Business & Tech, Features

Boston-based “Encore Apparel” hits the perfect chord of joy and healing

Two Villanova University students met at a Bruce Springsteen concert in their early years of college, confident they would part ways for their corporate careers after graduation. But in 2014, after almost a decade in the corporate world, a mutual desire to follow passion over convention led them to launch a creative endeavor centered on the very thing that initially united them: music.

Encore Apparel is a clothing and accessory brand founded with the goal of benefitting music-oriented social causes. COURTESY OF JOSE VAZQUEZ

Leading with passion, drive and heart, Casey Paton and Mark Lisavich crafted the brand Encore Apparel in 2013 based on their roots in music.

“I’ve always been really inspired by music,” Paton said, “and I wanted to use that as a backdrop for a brand really geared towards creative people.”

Paton said they designed the brand to reflect the rebellious and liberating ideologies of the 1960s and ’70s punk-rock era, personifying their tagline “Life is Short, Play it Loud,” Paton said.

“We didn’t know anything about retail,” Paton said. “We just started putting an idea together, doing some designs that were really centered around the tagline, ‘Life is Short, Play it Loud,’ which has a music component, but it’s also about life and doing things and taking chances.”

Though the brand focuses mainly on creating t-shirts, Paton said Encore also sells pins, stickers, hats, hoodies and beanies for men, women and youth, Lisavich said. All shirts come packaged in a record sleeve packaging, which Paton said sets Encore apart from other brands.

Encore’s products have been carried in six Whole Foods markets and 30 select stores throughout the country since its start in 2014, Paton said. The company opened a six month pop-up store at 303 Newbury Street in the Fall of 2018, where over 20 musicians performed live for customers.

Lisavich, Encore’s main designer, said selecting new designs is a collaborative process that starts after the holidays when the two bounce back from their busiest season and share ideas to slowly narrow down the designs.

“Most of my artwork starts with just a pen and paper,” Lisavich said, “then through Illustrator, and then out to production.”

The main goal of the company, Paton said, is to grow their online platform. A foundational element to the company has always been to give back, Paton said, and they hope to promote their charitable causes as well.

“If you’re going to take a shot at building a business, it’s really hard. Most businesses fail,” Paton said. “But if you have interest and the drive to try to do something good with whatever you’re building, I think customers will get behind you and support you.”

Since their first conversation, Lisavich said he and Paton have strived to ensure Encore Apparel is a socially-responsible company.

“Helping get music in the hands of kids,” Livastitch said, “for the greater part of us being a business, has been the backbone of the brand.”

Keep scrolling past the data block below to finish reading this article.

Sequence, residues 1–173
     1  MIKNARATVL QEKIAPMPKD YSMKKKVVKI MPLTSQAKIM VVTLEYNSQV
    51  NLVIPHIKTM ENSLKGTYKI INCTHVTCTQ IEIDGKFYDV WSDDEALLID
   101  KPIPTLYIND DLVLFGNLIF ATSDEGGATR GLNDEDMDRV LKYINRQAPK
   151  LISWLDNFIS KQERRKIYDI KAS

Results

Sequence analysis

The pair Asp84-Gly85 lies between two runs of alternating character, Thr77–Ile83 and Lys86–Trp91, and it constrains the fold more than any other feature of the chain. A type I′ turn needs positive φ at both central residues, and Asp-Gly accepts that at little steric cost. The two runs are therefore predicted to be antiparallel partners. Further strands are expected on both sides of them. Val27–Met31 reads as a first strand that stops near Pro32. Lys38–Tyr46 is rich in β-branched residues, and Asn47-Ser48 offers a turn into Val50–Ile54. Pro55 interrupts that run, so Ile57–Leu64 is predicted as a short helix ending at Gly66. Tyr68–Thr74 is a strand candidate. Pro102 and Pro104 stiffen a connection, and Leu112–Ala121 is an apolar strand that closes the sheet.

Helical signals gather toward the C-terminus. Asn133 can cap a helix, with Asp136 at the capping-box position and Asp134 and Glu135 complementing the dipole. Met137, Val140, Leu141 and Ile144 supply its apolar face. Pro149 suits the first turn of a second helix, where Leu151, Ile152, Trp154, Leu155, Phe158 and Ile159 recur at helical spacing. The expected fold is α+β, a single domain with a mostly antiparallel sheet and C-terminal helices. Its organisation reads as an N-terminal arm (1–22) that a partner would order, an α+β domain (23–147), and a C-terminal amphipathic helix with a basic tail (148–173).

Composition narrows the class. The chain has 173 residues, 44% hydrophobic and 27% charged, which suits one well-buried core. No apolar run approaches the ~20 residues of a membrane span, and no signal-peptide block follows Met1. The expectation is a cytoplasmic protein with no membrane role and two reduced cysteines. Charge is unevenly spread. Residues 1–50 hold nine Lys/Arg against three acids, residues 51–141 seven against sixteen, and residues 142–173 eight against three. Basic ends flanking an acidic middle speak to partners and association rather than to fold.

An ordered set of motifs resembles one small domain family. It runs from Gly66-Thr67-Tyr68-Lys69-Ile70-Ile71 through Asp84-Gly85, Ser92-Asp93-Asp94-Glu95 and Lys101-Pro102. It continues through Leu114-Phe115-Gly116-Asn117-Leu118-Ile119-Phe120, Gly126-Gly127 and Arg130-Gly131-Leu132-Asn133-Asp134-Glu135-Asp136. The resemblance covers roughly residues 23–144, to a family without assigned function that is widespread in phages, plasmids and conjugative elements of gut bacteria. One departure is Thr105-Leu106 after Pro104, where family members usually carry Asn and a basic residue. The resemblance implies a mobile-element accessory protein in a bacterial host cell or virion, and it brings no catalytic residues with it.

The brand has five collections with different designs: Play it Loud, Note, Photo, Rebel and LOCAL, Paton said. The LOCAL brand originated to represent the brand’s charitable giving, helping support Charlestown High School’s efforts to rebuild the school’s music program by selling shirts and putting on a music festival with the students.

Encore has since donated to the national charity Little Kids Rock, which helps bring music education to all students.

The LOCAL collection now promotes Encore’s latest initiative, the 2020 “Project Encore: 50 makes 1.” In this project, Encore will donate one ukulele to Boston Children’s Hospital for every 50 items sold through Ukulele Kids Club, a global charity that runs music therapy programs in hospitals throughout the world to enrich kids’ lives through music.

Stephanie Epstein, President of UKC and music therapist, wrote in an email that Encore Apparel became a sponsor in the UKC RockStar program, or a “direct Ukulele sponsor,” to the Boston Children’s Hospital’s music therapy program.

“The UKC and music helps hospitalized children express themselves, cope with whatever they may be going through, and connect with others, whether it be with therapists, their families, or their medical staff,” Epstein wrote. “It gives them an outlet and a tool to utilize both during and after their hospitalization(s).”

Over 8,500 ukuleles have been donated to children and music therapists since the organizations through the UKC since its founding in 2014, according to the UKC website.

Paton said that even though leaving corporate comfort for creativity was daunting, he needed to take his chance.

“I didn’t have any idea where it would go. I still have no idea where it will go,” Paton said. “Tomorrow’s always unknown, I still feel like that today … but again I didn’t want to have that regret of thinking back 10 years later saying I really wish I tried that, so that was my driving factor.”

Whether through their charity initiatives, unique designs or in the more than 300 outdoor events Encore has participated in, Paton said this brand is valuable because of their hard work ethic and drive to follow their passion and values.

“People know that we are built from scratch. We’re unique, we’re small, we work pretty hard,” Paton said. “We care about what we’re doing and we’re trying to make a positive impact, and I think that resonates in this day and age.”

Comments are closed.